Jabberwocky

SATB, a capella

A dramatic and humorous setting of the text from “Alice Through the Looking Glass”, this is one movement from a set – “Four Lewis Carroll Songs.”  May be purchased and performed separately.

Program Note

Four Lewis Carroll Songs were composed for and premiered by Seattle Pro Musica, and were awarded the Melodious Accord Composition prize. The work has been performed by numerous choral ensembles throughout the United States, and in Europe. The four movements may be performed as a set, or individually.

The four poems (Turtle Soup, Father William, Jabberwocky, and Speak roughly) are found in Alice in Wonderland and Alice Through the Looking-Glass, and are immediately familiar to most listeners. Turtle Soup is the song sung to Alice by the Mock Turtle, “in a voice chocked with sobs”, while Father William is a poem recited by Alice to the hookah-puffing caterpillar. Jabberwocky, the famous poem which Alice reads by holding it up to a looking-glass, is full of unusual words which are explained by Humpty-Dumpty thusly:  “brillig – four o’clock in the afternoon; “slithy toves – lithe and slimy creatures something like a badger, a lizard and a corkscrew; gyre – to go round like a gyroscope; gimble – to make holes like a gimlet; mimsy – flimsy and miserable; borogove – a thin, shabby looking bird, something like a live mop; mome raths – green pigs, who’ve lost their way; outgrabe – something between bellowing and whistling, with a sneeze in the middle.” (The other words are left to the reader’s imagination.) Finally, Speak roughly is sung by the Duchess to her howling, sneezing baby, who later turns into a pig.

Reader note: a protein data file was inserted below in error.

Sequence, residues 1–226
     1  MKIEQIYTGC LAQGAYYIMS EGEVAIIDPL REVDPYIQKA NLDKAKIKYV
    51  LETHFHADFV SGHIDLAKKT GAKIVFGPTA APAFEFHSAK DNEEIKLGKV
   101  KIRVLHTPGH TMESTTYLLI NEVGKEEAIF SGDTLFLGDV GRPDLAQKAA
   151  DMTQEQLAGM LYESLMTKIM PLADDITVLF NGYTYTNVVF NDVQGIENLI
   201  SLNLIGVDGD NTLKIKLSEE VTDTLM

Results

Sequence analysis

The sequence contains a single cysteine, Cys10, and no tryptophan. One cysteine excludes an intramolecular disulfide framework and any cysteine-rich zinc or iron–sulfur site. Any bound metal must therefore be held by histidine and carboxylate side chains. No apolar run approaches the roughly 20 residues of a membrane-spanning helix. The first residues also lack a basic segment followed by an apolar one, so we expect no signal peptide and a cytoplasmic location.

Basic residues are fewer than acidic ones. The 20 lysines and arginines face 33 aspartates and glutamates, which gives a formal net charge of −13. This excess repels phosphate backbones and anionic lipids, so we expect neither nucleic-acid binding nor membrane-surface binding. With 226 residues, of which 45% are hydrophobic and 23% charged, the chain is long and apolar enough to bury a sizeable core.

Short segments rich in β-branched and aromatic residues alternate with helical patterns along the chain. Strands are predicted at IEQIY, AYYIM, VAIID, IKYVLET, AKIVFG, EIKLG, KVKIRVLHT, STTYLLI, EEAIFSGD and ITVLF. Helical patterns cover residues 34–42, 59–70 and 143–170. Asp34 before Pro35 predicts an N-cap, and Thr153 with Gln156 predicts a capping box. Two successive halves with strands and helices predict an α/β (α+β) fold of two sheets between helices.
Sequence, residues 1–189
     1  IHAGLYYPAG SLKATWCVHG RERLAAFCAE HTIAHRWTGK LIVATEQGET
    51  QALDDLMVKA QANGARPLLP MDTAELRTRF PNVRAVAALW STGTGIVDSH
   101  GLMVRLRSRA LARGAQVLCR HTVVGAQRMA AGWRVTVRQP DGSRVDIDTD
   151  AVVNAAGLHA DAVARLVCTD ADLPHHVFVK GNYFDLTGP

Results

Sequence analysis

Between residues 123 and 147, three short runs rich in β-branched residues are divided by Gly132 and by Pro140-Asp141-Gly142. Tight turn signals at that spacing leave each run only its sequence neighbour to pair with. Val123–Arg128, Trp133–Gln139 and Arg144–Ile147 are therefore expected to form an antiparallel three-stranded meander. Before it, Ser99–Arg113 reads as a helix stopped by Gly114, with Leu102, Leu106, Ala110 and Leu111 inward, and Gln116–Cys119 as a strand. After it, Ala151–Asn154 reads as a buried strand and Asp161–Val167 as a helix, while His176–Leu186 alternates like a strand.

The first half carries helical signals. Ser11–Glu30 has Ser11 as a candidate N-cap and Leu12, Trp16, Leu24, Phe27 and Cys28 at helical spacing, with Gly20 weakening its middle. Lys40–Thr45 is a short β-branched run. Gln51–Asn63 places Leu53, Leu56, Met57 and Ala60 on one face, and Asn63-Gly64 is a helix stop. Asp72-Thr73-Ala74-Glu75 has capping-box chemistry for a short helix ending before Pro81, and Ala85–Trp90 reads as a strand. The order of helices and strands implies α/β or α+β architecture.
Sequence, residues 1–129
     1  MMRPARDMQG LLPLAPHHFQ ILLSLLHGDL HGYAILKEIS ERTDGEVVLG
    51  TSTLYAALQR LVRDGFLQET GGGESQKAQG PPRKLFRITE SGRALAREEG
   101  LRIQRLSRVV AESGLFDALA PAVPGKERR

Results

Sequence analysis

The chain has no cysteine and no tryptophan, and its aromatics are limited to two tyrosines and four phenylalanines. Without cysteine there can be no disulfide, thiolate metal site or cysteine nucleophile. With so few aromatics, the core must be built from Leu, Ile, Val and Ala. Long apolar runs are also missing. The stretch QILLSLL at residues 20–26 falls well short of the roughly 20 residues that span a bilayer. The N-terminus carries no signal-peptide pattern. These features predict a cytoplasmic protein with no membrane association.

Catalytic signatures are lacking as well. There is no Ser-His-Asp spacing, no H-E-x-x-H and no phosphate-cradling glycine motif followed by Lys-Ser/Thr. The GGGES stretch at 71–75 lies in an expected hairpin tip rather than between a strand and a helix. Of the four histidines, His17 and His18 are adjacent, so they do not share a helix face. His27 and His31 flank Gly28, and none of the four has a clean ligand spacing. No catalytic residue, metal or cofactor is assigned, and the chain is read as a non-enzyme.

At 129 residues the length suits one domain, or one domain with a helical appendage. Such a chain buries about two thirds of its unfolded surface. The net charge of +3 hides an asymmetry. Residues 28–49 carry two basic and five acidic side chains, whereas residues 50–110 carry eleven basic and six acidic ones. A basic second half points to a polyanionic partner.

Notes on preparation and performance

 

Text

Jabberwocky

’Twas brillig, and the slithy toves
Did gyre and gimble in the wabe;
All mimsy were the borogoves,
And the mome raths outgrabe.

“Beware the Jabberwock, my son!
The jaws that bite, the claws that catch!
Beware the Jubjub bird, and shun
The frumious Bandersnatch!”

He took his vorpal sword in hand:
Long time the manxome foe he sought—
So rested he by the Tumtum tree,
And stood awhile in thought.

And as in uffish thought he stood,
The Jabberwock, with eyes of flame,
Came whiffling through the tulgey wood,
And burbled as it came!

One, two! One, two! and through and through
The vorpal blade went snicker-snack!
He left it dead, and with its head
He went galumphing back.

“And hast thou slain the Jabberwock?
Come to my arms, my beamish boy!
O frabjous day! Callooh! Callay!”
He chortled in his joy.

’Twas brillig, and the slithy toves
Did gyre and gimble in the wabe;
All mimsy were the borogoves,
And the mome raths outgrabe.

 

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